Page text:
Granville Sharp (1735–1813) was an English political reformer, slavery abolitionist, and Greek language scholar known for his contributions regarding the translation of New Testament Greek as it relates to the divinity of Christ. Sharp believed strongly in the deity of Christ and studied the New Testament in its original language to more ably prove Christ’s deity. The Granville Sharp Rule was first noted in 1798 in his book Remarks on the Uses of the Definitive Article in the Greek Text of the New Testament: Containing Many New Proofs of the Divinity of Christ, from Passages Which Are Wrongly Translated in the Common English Version.
The actual rule of Granville Sharp is concerned with the use of definite articles and copulative conjunctions in the New Testament. Copulative conjunctions (also called additive conjunctions) are words that join other words and indicate the relation of additional information. In English, we have one definite article, the; some copulative conjunctions are and, moreover, and also.
The Granville Sharp Rule states, “When the copulative kai connects two nouns of the same case, [viz. nouns (either substantive or adjective, or participles) of personal description, respecting office, dignity, affinity, or connexion, and attributes, properties, or qualities, good or ill], if the article ho, or any of its cases, precedes the first of the said nouns or participles, and is not repeated before the second noun or participle, the latter always relates to the same person that is expressed or described by the first noun or participle” (Remarks on the Uses of the Definitive Article, 3).
In simpler terms, the Granville Sharp Rule says that when two singular common nouns are used to describe a person, and those two nouns are joined by an additive conjunction, and the definite article precedes the first noun but not the second, then both nouns refer to the same person. This principle of semantics holds true in all languages. For example, consider this sentence:
We met with the owner and the curator of the museum, Mr. Holton.
In the preceding sentence, the definite article the is used twice, before both owner and curator. The curator is obviously Mr. Holton, but the owner could be a different person. Did we meet with one or two people? Is Mr. Holton the owner of the museum as well as the curator? The grammatical construction leaves the question open. However, the following sentence removes the ambiguity:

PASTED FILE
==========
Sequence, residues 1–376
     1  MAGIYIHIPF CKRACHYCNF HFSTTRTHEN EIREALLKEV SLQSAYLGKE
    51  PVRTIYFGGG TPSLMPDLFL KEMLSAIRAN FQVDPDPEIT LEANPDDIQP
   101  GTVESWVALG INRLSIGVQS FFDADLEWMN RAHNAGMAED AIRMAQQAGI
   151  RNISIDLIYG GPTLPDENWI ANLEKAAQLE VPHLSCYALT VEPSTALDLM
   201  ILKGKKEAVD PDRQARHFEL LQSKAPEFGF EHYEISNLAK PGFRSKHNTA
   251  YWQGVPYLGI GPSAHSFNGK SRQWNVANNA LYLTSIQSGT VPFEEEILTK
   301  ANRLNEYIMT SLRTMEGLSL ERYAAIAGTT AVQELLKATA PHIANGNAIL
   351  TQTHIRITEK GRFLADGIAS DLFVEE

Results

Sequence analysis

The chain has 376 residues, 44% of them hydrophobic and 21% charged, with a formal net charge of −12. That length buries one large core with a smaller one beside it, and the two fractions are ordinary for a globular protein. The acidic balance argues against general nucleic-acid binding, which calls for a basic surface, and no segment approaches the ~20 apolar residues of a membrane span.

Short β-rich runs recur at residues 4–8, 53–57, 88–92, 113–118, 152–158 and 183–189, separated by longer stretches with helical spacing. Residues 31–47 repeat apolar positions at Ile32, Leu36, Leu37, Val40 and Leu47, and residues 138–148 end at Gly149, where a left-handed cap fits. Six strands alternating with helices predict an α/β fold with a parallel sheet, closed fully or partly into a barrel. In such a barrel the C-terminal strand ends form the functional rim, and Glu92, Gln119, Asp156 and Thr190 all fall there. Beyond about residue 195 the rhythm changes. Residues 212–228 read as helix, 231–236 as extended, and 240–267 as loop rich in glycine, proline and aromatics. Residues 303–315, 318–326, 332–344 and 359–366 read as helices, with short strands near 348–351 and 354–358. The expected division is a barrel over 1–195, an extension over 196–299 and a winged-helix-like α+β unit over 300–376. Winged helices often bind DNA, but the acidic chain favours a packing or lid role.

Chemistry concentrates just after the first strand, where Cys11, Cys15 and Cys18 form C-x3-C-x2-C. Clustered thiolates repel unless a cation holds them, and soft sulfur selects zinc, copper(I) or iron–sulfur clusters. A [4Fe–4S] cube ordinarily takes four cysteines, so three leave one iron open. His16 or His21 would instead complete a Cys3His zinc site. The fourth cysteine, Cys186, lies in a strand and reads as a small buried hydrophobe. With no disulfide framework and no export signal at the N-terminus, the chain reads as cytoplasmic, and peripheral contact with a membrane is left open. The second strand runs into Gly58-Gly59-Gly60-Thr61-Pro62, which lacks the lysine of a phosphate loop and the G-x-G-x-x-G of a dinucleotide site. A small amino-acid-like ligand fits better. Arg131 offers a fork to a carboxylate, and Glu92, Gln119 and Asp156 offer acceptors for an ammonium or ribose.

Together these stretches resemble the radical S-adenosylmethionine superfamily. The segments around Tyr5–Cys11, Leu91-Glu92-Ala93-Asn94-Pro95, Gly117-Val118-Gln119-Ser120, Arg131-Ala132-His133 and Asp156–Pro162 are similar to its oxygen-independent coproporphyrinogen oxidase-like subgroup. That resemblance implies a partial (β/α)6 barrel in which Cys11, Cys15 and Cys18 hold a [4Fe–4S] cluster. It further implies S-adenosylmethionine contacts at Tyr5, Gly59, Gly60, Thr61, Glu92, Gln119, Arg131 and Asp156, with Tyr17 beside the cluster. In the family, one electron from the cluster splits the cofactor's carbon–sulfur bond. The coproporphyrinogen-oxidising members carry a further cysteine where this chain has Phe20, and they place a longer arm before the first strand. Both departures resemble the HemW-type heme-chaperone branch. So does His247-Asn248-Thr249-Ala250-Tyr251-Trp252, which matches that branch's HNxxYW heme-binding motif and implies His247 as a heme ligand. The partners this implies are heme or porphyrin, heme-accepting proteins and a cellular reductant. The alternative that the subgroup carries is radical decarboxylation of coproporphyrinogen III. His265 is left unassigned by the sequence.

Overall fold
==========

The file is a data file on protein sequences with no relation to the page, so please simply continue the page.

We met with the owner and curator of the museum, Mr. Holton.
In the second example, the definite article the is only used once, before the first noun. This means that the two nouns, joined by and, are both in apposition to the name of the person. In other words, Mr. Holton is both owner and curator. The Granville Sharp Rule makes it clear that we are referring to the same individual.
Two of the New Testament verses associated with the Granville Sharp Rule are Titus 2:13 and 2 Peter 1:1. The KJV translates Titus 2:13 as, “Looking for that blessed hope, and the glorious appearing of the great God and our Saviour Jesus Christ.” In the original Greek, the words for “God” and “Savior” are joined by kai, and the definite article ho is only used once, preceding “God”; according to the Granville Sharp Rule, both God and Savior must refer to the same person, namely, Jesus Christ. The NASB 1977 renders the verse more literally: “Looking for the blessed hope and the appearing of the glory of our great God and Savior, Christ Jesus.”
Similarly, 2 Peter 1:1 refers to “our God and Savior Jesus Christ.” Following Granville Sharp’s rule, Jesus Christ is clearly identified as both “God” and “Savior,” another example of the Bible’s teaching of the deity of Christ. The grammatical construction of the Greek makes it plain: definite article + singular nouncopulative conjunction + singular noun = the same person.
Though the Granville Sharp Rule may seem arcane, the concept has an important impact regarding Bible translation and our understanding of the nature of Christ. The New Testament passages where this rule applies highlight the deity of Jesus Christ. He is more than the Messiah; He is God. (i)
It is important when we consider the Granville Sharp Rule as it relates to the "divinity of Christ," and as argued by Trinitarians, that it has some measure of legitimacy. But the legitimacy exists in the form of the rule as it relates to grammar, not that in which it has been utilized by Trinitarians the world over, and that is . . . doctrine.